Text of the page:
A new study has revealed that regular use of mouthwash may increase the risk of developing type 2 diabetes. In fact, researchers state that people with a high risk of diabetes who use mouthwash daily, have a 55 percent chance of developing the disease.
Scientists at Harvard University were investigating the links between over-the-counter mouthwash and its potential to weaken people’s metabolisms. They found that mouthwash can kill microbes which live in the mouth and regulate the body’s metabolism, sugar levels, and energy levels.
“Most of these antibacterial ingredients in mouthwash are not selective. In other words, they do not target specific oral bacteria,” states Kaumudi Joshipura, a professor at the Harvard School of Public Health.
The study was published in the journal Nitric Oxide, and it looked at over one thousand overweight people aged between 40 and 65 who had a high risk of developing diabetes.
Approximately 17 percent of people developed diabetes, which eventually rose to 20 percent for those using mouthwash one a day, and an estimated 30 percent for those who used it twice a day.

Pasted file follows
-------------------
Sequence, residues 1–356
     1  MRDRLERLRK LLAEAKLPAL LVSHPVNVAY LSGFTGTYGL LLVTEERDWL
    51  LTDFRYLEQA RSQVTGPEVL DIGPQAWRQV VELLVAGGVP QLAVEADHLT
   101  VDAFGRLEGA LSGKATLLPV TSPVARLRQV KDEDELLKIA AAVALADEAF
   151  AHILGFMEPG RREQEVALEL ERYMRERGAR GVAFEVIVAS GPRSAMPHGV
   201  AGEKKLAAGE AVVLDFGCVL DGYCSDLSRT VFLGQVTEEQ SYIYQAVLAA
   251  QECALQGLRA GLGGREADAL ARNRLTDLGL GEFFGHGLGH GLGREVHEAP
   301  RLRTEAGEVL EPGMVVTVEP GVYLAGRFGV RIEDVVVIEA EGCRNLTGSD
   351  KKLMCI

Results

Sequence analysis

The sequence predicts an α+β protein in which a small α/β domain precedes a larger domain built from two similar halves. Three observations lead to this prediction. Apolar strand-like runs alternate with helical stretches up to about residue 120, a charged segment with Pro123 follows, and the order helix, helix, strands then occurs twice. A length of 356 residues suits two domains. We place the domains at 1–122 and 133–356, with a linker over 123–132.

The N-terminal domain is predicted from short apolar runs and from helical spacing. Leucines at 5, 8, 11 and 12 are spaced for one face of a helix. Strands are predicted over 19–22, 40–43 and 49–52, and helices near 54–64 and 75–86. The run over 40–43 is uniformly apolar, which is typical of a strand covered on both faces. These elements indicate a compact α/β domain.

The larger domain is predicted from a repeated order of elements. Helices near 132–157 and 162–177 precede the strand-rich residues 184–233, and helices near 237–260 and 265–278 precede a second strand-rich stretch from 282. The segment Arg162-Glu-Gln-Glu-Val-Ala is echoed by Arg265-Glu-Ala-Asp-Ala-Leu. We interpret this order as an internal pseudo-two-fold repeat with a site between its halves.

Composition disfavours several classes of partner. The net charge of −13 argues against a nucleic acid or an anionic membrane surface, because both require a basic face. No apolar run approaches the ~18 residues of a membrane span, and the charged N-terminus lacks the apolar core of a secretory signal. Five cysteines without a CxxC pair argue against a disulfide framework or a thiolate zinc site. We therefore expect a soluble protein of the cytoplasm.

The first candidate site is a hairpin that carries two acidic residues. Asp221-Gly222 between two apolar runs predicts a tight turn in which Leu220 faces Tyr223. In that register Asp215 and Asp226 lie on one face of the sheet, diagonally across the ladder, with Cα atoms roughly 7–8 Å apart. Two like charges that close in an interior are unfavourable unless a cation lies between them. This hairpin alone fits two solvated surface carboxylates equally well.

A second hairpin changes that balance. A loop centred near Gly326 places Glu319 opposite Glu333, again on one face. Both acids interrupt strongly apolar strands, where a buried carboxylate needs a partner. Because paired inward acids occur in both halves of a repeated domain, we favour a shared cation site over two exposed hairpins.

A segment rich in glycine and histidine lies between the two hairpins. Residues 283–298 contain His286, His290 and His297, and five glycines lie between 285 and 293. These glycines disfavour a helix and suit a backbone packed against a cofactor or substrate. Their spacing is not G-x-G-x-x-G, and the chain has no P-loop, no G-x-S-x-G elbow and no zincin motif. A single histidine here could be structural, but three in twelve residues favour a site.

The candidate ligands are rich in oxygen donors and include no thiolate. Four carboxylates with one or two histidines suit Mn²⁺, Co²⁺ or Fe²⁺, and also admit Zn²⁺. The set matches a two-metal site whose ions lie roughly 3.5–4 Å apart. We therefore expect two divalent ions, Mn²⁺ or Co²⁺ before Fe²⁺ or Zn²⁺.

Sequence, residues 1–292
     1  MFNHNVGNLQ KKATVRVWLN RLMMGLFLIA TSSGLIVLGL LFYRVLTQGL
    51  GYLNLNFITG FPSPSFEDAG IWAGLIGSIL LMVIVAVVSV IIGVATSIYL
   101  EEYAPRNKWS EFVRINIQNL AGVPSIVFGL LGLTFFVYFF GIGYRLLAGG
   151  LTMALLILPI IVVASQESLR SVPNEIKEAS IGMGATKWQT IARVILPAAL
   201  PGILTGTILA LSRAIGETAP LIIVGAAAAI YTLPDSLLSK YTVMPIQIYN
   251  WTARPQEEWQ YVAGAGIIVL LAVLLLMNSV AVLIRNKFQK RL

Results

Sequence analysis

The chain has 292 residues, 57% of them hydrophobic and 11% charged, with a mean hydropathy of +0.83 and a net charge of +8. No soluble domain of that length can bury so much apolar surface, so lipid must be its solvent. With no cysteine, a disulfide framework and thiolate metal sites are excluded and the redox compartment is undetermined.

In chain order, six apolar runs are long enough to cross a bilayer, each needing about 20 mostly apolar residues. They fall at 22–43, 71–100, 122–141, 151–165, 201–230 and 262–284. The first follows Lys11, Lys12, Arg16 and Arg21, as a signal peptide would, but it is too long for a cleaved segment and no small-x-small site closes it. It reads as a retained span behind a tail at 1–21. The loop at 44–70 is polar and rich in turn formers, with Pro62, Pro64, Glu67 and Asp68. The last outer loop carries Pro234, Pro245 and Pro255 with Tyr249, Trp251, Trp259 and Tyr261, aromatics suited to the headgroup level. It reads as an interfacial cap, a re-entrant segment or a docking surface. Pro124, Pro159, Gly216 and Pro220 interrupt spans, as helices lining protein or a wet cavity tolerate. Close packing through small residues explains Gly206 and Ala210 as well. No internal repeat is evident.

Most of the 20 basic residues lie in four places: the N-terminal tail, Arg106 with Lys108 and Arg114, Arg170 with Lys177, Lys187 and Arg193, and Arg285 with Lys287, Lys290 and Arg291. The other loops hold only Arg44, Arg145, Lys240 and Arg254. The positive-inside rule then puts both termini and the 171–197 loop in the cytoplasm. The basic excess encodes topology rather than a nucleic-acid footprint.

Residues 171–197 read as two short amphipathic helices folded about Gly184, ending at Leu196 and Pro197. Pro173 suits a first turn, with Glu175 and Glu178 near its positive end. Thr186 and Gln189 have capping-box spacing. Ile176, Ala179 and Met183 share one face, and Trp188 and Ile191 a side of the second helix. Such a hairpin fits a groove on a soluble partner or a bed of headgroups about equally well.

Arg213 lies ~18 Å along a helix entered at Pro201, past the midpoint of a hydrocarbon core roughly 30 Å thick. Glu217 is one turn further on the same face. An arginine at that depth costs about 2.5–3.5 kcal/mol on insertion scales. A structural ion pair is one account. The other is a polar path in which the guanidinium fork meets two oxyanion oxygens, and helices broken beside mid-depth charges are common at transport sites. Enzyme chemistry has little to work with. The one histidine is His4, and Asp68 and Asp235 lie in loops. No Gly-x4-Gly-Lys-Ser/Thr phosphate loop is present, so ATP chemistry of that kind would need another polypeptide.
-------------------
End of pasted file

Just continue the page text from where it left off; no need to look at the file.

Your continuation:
According to the Joshipura, some microbes found in the mouth help produce nitric oxide, which controls insulin levels and protects people from obesity and diabetes.
Mouthwash has never been regarded as a catalyst for disease, however, the British Dental Association has not listed it as a necessary component of proper oral health care. The latest study further reinforces the idea that mouthwash eliminates helpful bacteria.
That doesn’t mean we need to start throwing away our mouthwash. The study focused on the effects of mouthwash on a specific group of people who were already predisposed to type 2 diabetes.
Even the study’s authors said people should still stick to the recommended one rinse a day as mouthwash can still prevent plaque build-up and bad breath.
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